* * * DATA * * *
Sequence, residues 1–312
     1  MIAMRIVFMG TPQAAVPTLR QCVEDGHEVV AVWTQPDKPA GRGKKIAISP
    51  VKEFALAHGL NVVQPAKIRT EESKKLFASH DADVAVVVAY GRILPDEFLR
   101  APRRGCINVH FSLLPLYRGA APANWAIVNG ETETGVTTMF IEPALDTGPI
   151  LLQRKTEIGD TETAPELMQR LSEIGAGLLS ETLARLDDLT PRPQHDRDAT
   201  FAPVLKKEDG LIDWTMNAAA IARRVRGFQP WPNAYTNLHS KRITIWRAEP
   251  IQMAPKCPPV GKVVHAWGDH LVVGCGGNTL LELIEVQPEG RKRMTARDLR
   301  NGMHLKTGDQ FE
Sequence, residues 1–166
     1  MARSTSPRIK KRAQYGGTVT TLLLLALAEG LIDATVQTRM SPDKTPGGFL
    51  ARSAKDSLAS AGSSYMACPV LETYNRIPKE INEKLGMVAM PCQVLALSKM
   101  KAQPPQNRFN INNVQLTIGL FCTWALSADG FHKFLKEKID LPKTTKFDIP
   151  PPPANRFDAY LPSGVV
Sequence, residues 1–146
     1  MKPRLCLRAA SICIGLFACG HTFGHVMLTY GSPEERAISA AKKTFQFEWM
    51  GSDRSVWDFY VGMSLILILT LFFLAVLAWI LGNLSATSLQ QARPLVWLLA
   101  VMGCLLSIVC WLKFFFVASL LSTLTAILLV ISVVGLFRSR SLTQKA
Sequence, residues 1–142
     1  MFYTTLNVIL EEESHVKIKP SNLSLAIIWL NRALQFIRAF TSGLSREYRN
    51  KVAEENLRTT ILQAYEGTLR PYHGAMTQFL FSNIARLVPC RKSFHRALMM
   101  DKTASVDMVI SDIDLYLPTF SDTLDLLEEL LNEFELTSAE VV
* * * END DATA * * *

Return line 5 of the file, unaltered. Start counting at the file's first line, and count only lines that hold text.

   151  LLQRKTEIGD TETAPELMQR LSEIGAGLLS ETLARLDDLT PRPQHDRDAT